Wednesday, February 11, 2015

FYC: Best Sound Mixing, "American Sniper"

*With Oscar voting in full swing and the ceremony less than two weeks away, I'm taking this week to spotlight a handful of nominees in the technical categories. These are not frontrunners in their category, but they are worthy of our consideration. Welcome to FYC Week.*

This is not an endorsement of American Sniper as a whole. The film certainly has its fair share of flaws, ranging from the bald-faced irresponsibility in the film's implication that Iraq was responsible for the attacks of September 11 to the now-infamous "fake baby" scene. The most glaring flaw, in my eyes at least, is the disservice the film ultimately pays to Chris Kyle (Bradley Cooper) as a compelling character. The film is quick to buy into Kyle's status as "The Legend," by film's end vaunting him as a perfect, pure distillation of kick-ass American patriotism that's a far cry from the more nuanced, complex portrait director Clint Eastwood seemed to be aiming for in the harrowing opening scene. In short, the film tilts far in favor of scenes of violent, video-game-like wartime heroism, with the more-compelling scenes of Kyle at home between tours, struggling to adjust to civilian life, given the short shrift. (I'll write more about the film next week)


However, the film's sound mixing makes for a very interesting case of the film taking a more measured stance on its protagonist. The film is structured in such a way that Eastwood and writer Jason Hall want to comment on some of Eastwood's pet themes, namely the cost of wars on the men who fight them and the dangers of unchecked patroitism/fanaticism. While in Iraq, Kyle is a deadly sniper with steel nerves, taking lives in the name of protecting his fellow soldiers and protecting the United States. But at home, he's clearly wracked with post-traumatic stress disorder, shutting off from the world and twitching at every unexpected noise. The idea is that the war is taking its toll on Kyle, even if Eastwood's execution is flawed (Cooper, however, is excellent).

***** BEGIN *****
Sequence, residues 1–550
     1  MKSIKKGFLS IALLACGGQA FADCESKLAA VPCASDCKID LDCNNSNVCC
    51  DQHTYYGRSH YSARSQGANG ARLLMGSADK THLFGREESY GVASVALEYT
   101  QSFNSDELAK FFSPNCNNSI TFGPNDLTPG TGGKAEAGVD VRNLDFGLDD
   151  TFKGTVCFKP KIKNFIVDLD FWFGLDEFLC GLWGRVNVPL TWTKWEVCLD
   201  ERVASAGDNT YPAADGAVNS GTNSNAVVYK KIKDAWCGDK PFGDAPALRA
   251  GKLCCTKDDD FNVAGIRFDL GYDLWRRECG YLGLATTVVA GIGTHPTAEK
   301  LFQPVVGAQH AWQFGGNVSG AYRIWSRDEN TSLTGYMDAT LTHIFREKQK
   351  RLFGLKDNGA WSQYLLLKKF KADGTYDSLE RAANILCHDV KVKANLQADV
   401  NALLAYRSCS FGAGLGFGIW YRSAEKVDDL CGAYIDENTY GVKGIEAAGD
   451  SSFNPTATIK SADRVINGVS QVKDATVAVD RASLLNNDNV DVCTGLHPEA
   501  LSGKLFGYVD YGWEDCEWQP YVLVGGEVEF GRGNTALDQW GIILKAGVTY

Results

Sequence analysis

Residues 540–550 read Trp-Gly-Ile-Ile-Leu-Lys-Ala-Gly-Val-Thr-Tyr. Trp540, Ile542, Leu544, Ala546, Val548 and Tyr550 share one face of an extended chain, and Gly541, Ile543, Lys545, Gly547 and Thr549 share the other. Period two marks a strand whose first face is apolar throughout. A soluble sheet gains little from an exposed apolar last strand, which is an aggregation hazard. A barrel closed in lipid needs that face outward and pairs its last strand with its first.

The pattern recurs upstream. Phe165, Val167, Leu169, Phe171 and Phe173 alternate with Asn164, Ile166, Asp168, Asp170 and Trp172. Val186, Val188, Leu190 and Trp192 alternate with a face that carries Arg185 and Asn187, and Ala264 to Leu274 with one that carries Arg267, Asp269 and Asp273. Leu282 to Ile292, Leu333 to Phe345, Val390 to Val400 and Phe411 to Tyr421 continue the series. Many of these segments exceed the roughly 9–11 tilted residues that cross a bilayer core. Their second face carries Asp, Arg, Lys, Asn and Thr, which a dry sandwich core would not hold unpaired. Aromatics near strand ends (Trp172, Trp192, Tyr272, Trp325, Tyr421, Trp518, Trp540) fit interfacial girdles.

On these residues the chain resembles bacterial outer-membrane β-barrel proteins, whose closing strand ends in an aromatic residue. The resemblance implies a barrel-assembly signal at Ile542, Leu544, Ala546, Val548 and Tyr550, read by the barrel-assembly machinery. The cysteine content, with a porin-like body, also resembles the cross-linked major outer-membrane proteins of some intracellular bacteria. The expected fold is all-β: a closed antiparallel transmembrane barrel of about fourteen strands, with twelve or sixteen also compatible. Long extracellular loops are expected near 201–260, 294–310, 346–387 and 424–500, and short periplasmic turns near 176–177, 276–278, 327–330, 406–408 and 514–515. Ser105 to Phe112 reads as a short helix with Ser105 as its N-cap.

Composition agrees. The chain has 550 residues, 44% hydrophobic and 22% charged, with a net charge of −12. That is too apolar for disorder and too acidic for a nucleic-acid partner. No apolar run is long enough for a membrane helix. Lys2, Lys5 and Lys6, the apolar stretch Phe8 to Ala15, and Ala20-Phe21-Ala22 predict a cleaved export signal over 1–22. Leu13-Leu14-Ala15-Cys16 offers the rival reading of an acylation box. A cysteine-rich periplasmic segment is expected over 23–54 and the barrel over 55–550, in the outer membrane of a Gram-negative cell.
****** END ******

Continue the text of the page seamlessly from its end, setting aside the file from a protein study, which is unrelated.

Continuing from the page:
Here's where the sound mixing comes into play. Whenever the film transitions from Kyle in Iraq to Kyle at home (or vice versa), the sounds of warfare bleed into the domestic scenes. On the one hand, this effect works as a smooth transition between the two areas of Kyle's life; to move abruptly from one to the other would be disorienting. What's surprising about this is that, ideally, the transitions would be disorienting, with marked differences between war and peace. Instead, they seem perfectly, disturbingly normal.

The sound work puts the audience in Kyle's headspace, illustrating how, even when he's at a barbecue with his family, he never completely leaves the warzone. The war comes home with him, it's changed him, and there's no real way to come back from that. It's an impressive feat, especially considering how the film's screenplay and Eastwood's direction often fails to communicate the same idea. Coupled with the film's excellent use of cacophony and silence, it's hard to ignore the accomplishment of the film's mixing team.

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